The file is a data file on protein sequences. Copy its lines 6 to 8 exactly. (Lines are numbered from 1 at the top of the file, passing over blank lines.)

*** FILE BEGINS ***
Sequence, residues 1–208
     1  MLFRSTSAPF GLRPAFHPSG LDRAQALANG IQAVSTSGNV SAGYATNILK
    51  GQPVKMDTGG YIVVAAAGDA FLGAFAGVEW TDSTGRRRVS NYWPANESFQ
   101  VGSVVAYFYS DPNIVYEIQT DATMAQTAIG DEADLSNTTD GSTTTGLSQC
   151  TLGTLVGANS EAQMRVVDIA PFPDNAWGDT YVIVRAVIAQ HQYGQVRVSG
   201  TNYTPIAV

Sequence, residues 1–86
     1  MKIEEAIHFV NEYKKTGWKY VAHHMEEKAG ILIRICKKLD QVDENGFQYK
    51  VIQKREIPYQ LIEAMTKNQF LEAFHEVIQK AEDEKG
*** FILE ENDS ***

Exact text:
   201  TNYTPIAV

Sequence, residues 1–86
     1  MKIEEAIHFV NEYKKTGWKY VAHHMEEKAG ILIRICKKLD QVDENGFQYK